Advice from the experts: Sheltering in place: What you need to know about staying put during an emergency

Q&A with Darryl J. Madden, director of the Federal Emergency Management Agency’s Ready Campaign

Should an emergency or other kind of disaster strike, your local authorities might advise you and your family to “shelter in place.” If this type of instruction were given, would you know what to do? To help you better understand and prepare for this life-saving measure, APHA’s Get Ready campaign sought advice on sheltering in place from Darryl J. Madden, director of the Federal Emergency Management Agency's Ready Campaign.

There’s been a lot of talk in the media lately about sheltering in place. What does sheltering in place mean?
Darryl J MaddenSheltering in place means finding a very safe place to basically be in a stable environment while a particular emergency or event takes place. There are a variety of places that you can obviously shelter in place — you may be in transit from work to home, or you may be at school. So there are a variety of different places where you may ultimately shelter in place, but we want people to make sure they are in tune to what the shelter-in-place requirements are at their work. If they have school-aged children, they should certainly ask what the shelter-in-place requirement is going to be in the event that something would actually have them activate their emergency action plan. What we would encourage people to do — certainly at home — is to make sure that they have a three-day supply of food and water for each individual as well as for their pets.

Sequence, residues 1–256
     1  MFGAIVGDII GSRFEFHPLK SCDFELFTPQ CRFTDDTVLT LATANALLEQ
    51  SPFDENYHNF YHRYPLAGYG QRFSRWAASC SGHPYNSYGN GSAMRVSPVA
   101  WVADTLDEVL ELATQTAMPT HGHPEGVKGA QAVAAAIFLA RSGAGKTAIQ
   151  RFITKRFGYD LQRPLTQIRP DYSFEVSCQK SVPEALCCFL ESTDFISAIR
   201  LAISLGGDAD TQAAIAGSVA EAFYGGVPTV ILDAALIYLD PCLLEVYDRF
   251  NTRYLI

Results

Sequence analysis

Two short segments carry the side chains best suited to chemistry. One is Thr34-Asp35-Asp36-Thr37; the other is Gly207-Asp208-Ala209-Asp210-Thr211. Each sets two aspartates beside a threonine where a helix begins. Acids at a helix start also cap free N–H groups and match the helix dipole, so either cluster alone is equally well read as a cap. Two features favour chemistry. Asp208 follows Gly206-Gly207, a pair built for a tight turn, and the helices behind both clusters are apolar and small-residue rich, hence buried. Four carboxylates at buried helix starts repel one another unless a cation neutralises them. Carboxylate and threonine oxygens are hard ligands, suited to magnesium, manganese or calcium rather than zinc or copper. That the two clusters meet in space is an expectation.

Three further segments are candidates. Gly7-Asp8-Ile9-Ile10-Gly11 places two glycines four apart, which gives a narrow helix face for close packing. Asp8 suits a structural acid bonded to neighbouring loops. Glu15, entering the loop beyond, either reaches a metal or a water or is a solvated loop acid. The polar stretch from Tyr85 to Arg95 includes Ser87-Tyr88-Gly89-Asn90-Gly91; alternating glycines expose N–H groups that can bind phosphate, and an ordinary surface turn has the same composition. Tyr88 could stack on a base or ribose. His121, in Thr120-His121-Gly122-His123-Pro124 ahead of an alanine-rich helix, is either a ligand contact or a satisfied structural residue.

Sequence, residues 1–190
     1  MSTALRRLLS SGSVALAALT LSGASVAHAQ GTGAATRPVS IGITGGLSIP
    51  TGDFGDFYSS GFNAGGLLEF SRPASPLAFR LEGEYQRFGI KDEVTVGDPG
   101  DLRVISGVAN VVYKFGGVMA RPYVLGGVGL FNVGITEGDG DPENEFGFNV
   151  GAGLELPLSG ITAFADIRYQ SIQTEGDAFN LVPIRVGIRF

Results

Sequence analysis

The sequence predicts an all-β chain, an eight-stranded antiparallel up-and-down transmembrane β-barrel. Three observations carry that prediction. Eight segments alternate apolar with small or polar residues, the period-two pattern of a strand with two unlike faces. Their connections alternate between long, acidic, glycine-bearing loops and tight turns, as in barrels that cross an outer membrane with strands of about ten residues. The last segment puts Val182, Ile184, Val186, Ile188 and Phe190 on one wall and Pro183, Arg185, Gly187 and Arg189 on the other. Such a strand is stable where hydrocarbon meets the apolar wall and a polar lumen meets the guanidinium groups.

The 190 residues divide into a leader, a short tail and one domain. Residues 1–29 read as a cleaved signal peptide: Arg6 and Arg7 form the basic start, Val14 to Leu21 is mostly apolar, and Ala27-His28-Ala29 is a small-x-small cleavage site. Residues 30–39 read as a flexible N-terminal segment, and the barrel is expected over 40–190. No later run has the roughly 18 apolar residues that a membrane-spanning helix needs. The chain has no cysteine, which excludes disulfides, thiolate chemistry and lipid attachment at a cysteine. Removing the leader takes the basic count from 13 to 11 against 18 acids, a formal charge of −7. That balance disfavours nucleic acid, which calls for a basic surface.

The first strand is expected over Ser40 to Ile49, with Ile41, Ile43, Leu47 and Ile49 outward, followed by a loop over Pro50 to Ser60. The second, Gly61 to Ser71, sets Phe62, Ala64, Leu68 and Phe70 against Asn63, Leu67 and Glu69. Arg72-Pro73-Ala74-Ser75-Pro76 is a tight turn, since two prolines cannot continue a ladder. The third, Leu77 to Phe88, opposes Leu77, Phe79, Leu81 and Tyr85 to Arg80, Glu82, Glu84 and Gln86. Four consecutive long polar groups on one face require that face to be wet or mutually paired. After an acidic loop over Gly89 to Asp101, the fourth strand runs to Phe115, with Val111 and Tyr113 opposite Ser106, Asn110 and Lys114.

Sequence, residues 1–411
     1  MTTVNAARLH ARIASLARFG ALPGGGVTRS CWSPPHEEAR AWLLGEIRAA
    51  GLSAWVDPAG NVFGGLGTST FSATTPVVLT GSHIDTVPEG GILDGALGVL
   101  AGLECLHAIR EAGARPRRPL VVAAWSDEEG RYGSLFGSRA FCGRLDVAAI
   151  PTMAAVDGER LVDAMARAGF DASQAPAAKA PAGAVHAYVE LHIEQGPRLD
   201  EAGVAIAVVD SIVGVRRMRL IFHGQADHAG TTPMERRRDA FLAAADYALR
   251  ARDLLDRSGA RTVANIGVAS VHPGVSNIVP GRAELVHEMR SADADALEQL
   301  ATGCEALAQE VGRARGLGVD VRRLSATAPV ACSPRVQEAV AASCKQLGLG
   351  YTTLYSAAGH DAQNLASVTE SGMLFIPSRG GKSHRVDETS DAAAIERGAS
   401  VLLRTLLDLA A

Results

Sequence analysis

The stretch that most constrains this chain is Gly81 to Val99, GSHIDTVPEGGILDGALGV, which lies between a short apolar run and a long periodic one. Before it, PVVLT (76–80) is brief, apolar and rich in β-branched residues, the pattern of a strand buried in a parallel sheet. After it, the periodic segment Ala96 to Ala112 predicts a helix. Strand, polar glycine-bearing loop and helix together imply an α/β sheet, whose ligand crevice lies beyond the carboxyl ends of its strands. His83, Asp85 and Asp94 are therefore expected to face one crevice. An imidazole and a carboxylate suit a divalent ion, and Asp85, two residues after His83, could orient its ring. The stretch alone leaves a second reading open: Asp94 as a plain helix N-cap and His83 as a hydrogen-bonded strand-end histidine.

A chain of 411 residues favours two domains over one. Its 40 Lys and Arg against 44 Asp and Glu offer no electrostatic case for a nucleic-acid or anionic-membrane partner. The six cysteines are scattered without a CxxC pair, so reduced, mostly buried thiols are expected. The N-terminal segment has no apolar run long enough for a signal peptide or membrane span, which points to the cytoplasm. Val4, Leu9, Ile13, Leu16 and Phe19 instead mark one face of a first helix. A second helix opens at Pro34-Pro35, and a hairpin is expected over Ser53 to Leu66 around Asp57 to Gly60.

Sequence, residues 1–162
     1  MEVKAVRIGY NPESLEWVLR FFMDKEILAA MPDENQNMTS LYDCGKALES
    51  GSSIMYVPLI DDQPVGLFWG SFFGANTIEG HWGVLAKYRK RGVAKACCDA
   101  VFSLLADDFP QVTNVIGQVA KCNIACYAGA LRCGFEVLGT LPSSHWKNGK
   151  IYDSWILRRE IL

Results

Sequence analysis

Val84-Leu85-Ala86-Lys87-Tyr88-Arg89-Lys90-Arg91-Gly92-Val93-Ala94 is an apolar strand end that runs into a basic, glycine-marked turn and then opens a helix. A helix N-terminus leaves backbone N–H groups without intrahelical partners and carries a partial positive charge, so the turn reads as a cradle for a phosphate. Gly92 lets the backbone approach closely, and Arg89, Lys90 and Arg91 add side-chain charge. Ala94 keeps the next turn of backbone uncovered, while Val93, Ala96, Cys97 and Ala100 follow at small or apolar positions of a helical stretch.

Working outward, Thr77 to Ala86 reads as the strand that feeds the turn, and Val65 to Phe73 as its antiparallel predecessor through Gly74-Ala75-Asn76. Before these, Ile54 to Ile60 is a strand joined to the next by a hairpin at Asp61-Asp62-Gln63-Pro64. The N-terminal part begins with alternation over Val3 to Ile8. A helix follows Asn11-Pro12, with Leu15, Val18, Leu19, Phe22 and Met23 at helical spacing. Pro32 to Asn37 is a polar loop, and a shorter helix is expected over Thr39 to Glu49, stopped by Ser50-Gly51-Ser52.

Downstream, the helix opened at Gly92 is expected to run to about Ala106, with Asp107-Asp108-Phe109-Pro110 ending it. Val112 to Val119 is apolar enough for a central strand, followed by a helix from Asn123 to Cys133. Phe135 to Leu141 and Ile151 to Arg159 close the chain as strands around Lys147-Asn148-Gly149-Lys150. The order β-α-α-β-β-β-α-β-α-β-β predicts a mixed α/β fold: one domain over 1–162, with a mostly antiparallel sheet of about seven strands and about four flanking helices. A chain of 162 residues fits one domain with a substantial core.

What kinds of emergencies would require us to shelter in place?

There are a variety of emergencies that may require people to shelter in place. The ones that normally come to mind would be chemical, biological or radiological events. Normally, people are instructed by emergency managers to get to a very safe place. But there are those that don’t necessarily rise to that level of an emergency. For example, there could be a police event or a hostage situation. One of the things we’re looking at right now are weather events that are happening in some of the southern states that require people to basically shelter in place and shelter at their homes. So there’s a wide range of events that emergency managers may actually instruct individuals to stay home. The main reason for that is that we want people to stay in a safe environment and a very stable environment, and chances (are) that’s either going to be a home, place of work or school.

How will we find out that we’re being told to shelter in place?

Normally, local emergency management usually will make those types of decisions because they are the ones that are closest to the event and they have the most up-to-date information. So normally, that call would come from local emergency managers or local law enforcement or fire officials.

What if you’re in your car, or some other vehicle, when the call to shelter in place is made?